1886 Vanilla Wafers

Adapted from American Cookie

by Anne Bryn

Makes 4 to 5 dozen

10 tablespoons butter, at room temperature

1 cup granulated sugar

1 tablespoon vanilla

1 teaspoon cream of tartar

1/2 teaspoon baking soda

1/4 teaspoon salt

4 tablespoons milk

 Place the soft butter and sugar in a large mixing bowl and beat with an electric mixer on medium speed until creamy, about 1 minute. Add the egg and vanilla and beat until well combined, 30 seconds.

Whisk together the flour, cream of tartar, baking soda, and salt in a medium bowl. Alternately add the flour mixture to the butter and sugar mixture with the milk, beginning and ending with the flour mixture. Beat on low speed until just combined.

Tear off an 18" sheet of waxed paper or parchment paper. Spoon the batter into a log on the paper and roll the paper up around it to secure. Place the log of dough in the refrigerator for at least 2 to 3 hours and up to overnight, or freeze for 1 hour.

When ready to bake, place a rack in the center of the oven, and preheat the oven to 375F.

Unwrap the dough and slice into 1/4" rounds. Place them 1" to 2" apart on an ungreased baking sheet, and place the pan in the oven.

Bake the cookies until lightly browned, 8 to 10 minutes. Transfer the cookies to a rack to cool. Repeat with remaining dough. Store in a covered container for up to 10 days.


Sunday, June 16, 2024

Ina Garten's Zucchini Flower and Leek Frittata {A Thing of Beauty}

I am my Lost Kitchen Era, where I am obsessed with Erin French's The Lost Kitchen show, restaurant, food, plating, and all the edible flowers she uses to garnish her dishes! I love how Erin goes to the local farms and is inspired by what is in season to make beautiful dishes. 

I wanted to create a Lost Kitchen dish in my own kitchen, so I went to the Lexington, Kentucky Farmers Market and I found zucchini flowers! I was so excited because I had never cooked with zucchini flowers before.

So I turned to the one and only queen, Ina Garten and I found her recipe for Zucchini and Leek Fritatta. This was a major win as it allows me to really channel the whole edible flowers vibe of The Lost Kitchen.

I searched the market for the rest of the ingredients needed: pancetta, leeks, baby zucchini, fresh thyme, eggs, half and half, Gruyere, and fresh basil. This added up to be a pricier dish than most recipes I cook, but that's ok, because as I shared above, I'm in my Lost Kitchen Era and I have a major need to cook with edible flowers.

This was more laborious than most dishes, with a lot of prep, as I had to clean the zucchini flowers, removing the stamen, and dry them. I had to cut and wash the leeks, which was a rather sandy and dirty task.I had to cut and wash the basil, the thyme, the zucchini. Cut and cook the bacon. Shred the cheese. Crack and beat 8 eggs. Cook the frittata filling. It was more involved than your regular everyday frittata, but no worries, this was THE FRITTATA to end all fritattas! It was going to be adorned with the most beautiful zucchini flowers. Doesn't it look gorgeous going into the oven?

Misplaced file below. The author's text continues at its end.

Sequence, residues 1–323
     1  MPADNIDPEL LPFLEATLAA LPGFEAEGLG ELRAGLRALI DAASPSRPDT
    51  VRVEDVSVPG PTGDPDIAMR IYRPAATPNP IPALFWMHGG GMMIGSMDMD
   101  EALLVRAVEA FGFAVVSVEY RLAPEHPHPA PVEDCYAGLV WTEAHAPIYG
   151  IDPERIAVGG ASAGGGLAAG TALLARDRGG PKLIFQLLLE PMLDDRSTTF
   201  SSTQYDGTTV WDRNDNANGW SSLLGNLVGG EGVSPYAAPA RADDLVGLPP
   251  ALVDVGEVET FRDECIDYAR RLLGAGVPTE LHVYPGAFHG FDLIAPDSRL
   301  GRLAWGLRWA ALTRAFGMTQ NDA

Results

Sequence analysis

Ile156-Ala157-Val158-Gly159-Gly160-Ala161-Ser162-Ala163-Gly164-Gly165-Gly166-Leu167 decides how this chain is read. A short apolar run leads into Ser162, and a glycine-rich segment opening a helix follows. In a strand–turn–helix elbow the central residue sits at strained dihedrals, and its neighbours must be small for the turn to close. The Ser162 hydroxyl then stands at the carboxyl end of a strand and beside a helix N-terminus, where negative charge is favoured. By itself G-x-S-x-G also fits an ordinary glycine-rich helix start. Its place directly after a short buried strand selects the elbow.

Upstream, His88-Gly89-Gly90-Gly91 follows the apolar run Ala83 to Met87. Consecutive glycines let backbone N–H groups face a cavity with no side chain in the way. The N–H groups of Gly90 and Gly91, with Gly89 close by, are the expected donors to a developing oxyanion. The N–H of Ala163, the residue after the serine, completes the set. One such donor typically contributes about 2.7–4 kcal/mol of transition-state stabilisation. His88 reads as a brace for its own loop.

Doesn't it look gorgeous coming out of the oven? I mean wow...It's stunning! Ina says to allow the frittata to cool for five minutes and then cut into it. I am dying to see how it all tastes.

The frittata slices perfectly and each person gets their own zucchini flower with their portion, how brilliant! The frittata is brimming with zucchini, zucchini flowers, bacon, leeks, and my favorite...Gruyere cheese. I love all these ingredients so much!

I go to take a long awaited bite and the zucchini flower is soft and baked into the frittata. It is an odd texture, soft and hard to cut into, the whole flower wants to stay together. Something about the flavor and texture is not appealing. I push the flower off and take a bite of the egg and filling, the flavors are too strong and overpowering. I take another bite and something here is just not working. I keep taking bites because I love all the ingredients, it appears to have baked up perfectly, and Ina Garten has never let me down, but the dish just didn't work for me. I am, however, very happy to have made the dish and finally get a chance to work with zucchini flowers. I like to try new things even if they don't work out. I do have another zucchini flower recipes up my sleeve, so stay tuned for that. The verdict is still out!

 Seasonal and Local Produce @ IHCC


Friday, June 14, 2024

American Cookie #3 {Ursuline Anise Cookies - St. Joseph's Day Cookie}

Each week, I'm going to be highlighting a new American Cookie and sharing it's history, as well as my results. This is the third week of baking with American Cookie by Anne Bryn, and I'm sharing Ursuline Anise Cookies, which are a sugar cookie with anise flavoring dating back to 1727 New Orleans!

The History of Ursuline Anise Cookies: In 1727, twelve French Catholic nuns from the Sisters of the Order of Saint Ursula (founded in Italy) came to New Orleans to educate girls and women (some also call them the casket girls). Their original convent was located at the corner of Chartres and Ursulines Avenue down in the French Quarter of New Orleans and is still in operation today! It is a tradition for those in the Catholic faith to bake anise cookies when St. Joseph's Day is celebrated on March 19th. Anise, with it's licorice flavor, has long been a celebratory flavoring of Europe, and has been prized as a digestive.